Friday, May 7, 2010

The Amazing Sinking...Monument?

Canada Scott #247 has an interesting variation that one does not often see discussed but that is very easy to come across when multiples of the stamp are available for examination.  This stamp, part of a set of three issued for the Royal Visit (Scott #246-248) in 1939 were the first Canadian stamps produced with two separate engraved plates.  One plate was used for the color portions of the stamps and another for the black and white portions.

In the case of Scott #247, the black and white portion is the National War Memorial monument.  Because of the use of the two separate plates, the monument is not placed excatly the same in every printing.  As a result, stamps range from showing all the steps at the bottom of the monument to only one step.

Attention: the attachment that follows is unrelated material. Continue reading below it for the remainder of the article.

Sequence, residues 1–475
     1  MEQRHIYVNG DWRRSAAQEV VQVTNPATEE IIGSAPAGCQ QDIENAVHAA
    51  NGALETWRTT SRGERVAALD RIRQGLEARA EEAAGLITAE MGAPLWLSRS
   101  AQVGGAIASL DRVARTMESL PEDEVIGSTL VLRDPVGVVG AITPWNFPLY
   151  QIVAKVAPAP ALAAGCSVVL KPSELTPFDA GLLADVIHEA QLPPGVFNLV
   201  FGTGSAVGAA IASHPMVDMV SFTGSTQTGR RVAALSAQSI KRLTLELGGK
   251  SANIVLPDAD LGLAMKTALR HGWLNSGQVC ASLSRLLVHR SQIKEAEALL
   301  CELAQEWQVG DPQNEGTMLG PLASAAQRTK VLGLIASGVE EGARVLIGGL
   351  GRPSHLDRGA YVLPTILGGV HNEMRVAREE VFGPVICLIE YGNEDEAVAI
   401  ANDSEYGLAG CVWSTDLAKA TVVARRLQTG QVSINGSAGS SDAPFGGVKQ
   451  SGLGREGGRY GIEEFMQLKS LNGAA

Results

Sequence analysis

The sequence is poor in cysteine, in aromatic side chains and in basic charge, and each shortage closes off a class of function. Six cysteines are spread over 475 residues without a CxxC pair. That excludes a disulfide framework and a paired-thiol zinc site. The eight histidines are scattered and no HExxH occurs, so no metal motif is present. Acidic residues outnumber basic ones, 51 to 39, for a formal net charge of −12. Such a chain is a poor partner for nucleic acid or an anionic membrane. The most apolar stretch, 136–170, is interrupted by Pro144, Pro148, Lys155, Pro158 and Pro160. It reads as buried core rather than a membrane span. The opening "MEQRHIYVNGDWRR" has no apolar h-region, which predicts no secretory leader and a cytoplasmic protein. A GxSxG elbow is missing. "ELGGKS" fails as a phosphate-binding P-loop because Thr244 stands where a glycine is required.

In the examples below, the first stamp shows the full number of stairs.  The next stamp has only three stairs showing, the third stamp only two and the final stamp shows only one step.  When placed side by side, it appears the monument is sinking.

This being an inexpensive stamp to purchase, it's very easy for the collector to assemble a set showing all the different monument heights. Have you had any experience with this or other stamps with similar variations? I'd love to hear about it!

For additional information on the postal history associated with the Canadian Royal Visit of 1939, see this article by John Burnett of the British North America Philatelic Society:

Covers Commemorated the Royal Visit of 1939 

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